[dns-operations] "bad infosec economics " Re: <something paul wrote>
dmiller at tiggee.com
Tue Jun 12 20:25:05 UTC 2012
On 6/12/2012 12:34 PM, Edward Lewis wrote:
> At 14:18 +0000 6/10/12, Paul Vixie wrote:
>> thinking about or acting against ANY is bad infosec economics.
> This I agree with. Here are some of my knee-jerk, anti-filtering
> 1 - DNS providers are paid to answer questions, not drop traffic.
True, to a point. DNS providers are paid to answer "good" questions.
The very first response I get from a customer who receives a large query
bill generated from an attack is that they did not want us to answer
(i.e. they do not want to pay for) *those* queries.
> 2 - Rate limits that are not managed eventually become the reason why
> address blocks are contaminated. Recall the 512 byte limit devices.
> 3 - Whenever I've considered limiting any pattern I think of a few
> other patterns that could be substituted in short order if its an APT.
> I agree that rate limiting is an effective short-term, immediate
> reaction to events. But once you leave that time horizon they become
> liabilities - "permanent fixes to temporary solutions."
Agreed. All filters and/or limits need to maintained over time.
However, general rate limits could be set so high that they will never
occur in "good" traffic and exceeding them is clearly "bad" traffic.
The rate for these general limits would vary from infrastructure to
infrastructure - 1,000 qps, 10,000 qps, you choose qps (yes, that limit
will likely change over time).
> Another part of this discussion centered around determining the source
> of the offensive traffic. Again, "bad infosec economics" comes here -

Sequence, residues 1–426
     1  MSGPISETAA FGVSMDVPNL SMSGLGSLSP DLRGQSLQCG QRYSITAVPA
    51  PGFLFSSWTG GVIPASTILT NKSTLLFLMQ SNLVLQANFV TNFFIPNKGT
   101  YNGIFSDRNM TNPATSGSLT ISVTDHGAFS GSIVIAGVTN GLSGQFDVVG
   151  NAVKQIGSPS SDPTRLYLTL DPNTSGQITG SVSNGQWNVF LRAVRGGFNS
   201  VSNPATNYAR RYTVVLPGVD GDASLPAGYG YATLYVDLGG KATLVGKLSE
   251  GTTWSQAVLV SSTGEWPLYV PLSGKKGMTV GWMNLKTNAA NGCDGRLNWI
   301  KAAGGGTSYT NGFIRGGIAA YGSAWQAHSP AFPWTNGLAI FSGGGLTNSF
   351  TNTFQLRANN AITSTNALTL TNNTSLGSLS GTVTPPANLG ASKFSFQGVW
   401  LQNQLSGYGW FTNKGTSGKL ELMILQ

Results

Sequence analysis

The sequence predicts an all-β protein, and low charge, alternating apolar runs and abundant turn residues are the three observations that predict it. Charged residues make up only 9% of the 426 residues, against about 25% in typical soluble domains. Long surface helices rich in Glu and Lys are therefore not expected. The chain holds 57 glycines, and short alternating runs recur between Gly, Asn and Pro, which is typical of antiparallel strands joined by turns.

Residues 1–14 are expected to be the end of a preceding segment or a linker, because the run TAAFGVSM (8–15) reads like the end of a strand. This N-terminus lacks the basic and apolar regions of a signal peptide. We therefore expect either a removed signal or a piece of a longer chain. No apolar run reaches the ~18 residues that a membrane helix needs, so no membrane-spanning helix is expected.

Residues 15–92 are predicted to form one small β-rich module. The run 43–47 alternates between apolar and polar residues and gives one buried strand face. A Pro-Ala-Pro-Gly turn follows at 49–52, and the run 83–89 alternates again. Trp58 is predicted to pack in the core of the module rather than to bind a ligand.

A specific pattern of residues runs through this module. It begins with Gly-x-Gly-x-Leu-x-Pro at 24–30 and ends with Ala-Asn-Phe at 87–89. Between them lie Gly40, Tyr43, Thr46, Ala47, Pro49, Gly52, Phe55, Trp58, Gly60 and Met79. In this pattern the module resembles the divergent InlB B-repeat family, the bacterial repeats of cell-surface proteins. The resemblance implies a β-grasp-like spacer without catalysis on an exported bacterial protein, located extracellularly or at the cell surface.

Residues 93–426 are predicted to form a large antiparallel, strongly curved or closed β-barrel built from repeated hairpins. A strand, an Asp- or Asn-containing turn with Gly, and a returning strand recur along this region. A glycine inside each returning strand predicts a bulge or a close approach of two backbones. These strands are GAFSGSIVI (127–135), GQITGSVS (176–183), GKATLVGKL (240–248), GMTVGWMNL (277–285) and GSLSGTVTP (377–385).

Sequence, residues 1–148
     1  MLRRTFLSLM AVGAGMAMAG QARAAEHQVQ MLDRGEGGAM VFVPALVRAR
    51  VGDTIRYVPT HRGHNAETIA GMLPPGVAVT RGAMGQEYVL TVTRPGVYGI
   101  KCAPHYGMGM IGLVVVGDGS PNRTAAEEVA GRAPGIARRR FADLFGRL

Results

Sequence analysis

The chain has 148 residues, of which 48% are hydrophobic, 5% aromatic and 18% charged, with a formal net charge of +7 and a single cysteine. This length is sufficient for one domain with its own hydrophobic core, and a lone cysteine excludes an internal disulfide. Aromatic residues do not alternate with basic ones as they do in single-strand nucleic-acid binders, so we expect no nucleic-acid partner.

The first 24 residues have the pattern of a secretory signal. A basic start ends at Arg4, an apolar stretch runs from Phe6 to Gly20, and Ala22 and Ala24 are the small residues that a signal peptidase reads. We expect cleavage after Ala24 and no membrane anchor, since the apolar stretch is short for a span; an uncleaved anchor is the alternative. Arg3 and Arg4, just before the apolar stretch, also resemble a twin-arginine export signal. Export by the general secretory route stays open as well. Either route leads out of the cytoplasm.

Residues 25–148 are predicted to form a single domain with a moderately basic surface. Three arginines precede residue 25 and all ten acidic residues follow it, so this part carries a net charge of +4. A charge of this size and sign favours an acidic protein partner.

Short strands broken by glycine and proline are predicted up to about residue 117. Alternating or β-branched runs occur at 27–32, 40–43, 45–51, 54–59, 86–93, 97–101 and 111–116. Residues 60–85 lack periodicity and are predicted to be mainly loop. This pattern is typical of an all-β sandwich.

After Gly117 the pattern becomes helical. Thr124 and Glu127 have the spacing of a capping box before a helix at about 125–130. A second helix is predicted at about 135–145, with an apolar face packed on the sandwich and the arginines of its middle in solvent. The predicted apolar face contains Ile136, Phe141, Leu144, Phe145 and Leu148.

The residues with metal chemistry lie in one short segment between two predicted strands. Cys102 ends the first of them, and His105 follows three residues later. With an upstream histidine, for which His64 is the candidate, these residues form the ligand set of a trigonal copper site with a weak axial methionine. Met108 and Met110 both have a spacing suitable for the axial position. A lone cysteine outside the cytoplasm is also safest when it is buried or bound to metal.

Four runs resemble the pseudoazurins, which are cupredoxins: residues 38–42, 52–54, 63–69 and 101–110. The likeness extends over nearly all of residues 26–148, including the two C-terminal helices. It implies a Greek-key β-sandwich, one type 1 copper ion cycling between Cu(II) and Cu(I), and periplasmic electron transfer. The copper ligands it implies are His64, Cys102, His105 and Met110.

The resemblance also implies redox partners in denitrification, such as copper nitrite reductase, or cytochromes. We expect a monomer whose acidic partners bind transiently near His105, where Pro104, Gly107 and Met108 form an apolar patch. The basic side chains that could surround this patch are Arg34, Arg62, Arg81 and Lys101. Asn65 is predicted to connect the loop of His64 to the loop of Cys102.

> while it is interesting to diagnose, rarely does the search for
> answers to this question lead to a permanent solution. We've
> collectively known about Dan Bernstein's use of t=ANY for a decade and
> we know he's reluctant to listen to calls for change nor make the
> change. 10+ years. Nothing's changed - except the newest younger
> crowd learns about this old tale.
Nothing has changed and qmail's installed base remains about the only
reason that we haven't thrown ANY queries onto the refuse pile.
Since we can't disregard ANY queries, it would be just super if we could
stop throwing every new DNS feature into the zone apex, continually
bloating further the ANY query responses for the apex of domains. Just
> The suggestion to limit EDNS0 to "a smaller size" might be the first
> step to decent (but still suboptimal) improvement. Guessing that the
> malicious data seeks two things - a large, valid and reputable chunk
> of data to throw at a victim and an reputable and capable address from
> which to throw it, perhaps at least limiting the data size in a way
> that does not cause choking to legitimate uses is a good thing.
> I've said in presentations that the same fertile ground that lets DNS
> be the beast that it is also enables DDoS (rooted in the nature of
> UDP). The fact that we are still talking DDoS prevention many years
> after we started is empirical evidence that DDoS is a hard problem to
> solve. Rate limiting is one technique, not a cure-all. If it was,
> we'd not be talking about it in 2012. So, use it with caution.
The only real solution is for bandwidth providers to filter garbage at
their edges. Unfortunately, there is little/no economic incentive for
them to do this and (just like your 1. above) they posit that:
1. Bandwidth providers are paid to route packets, not drop traffic.
There is also, of course, little consensus on the definition of
"garbage". However, if nothing foundational changes, then we will have
the exact same discussion in 2022.
> PS - One possibility, instead of simply not responding, send back
I agree with Tony Finch's reply - TRUNC is better than REFUSED
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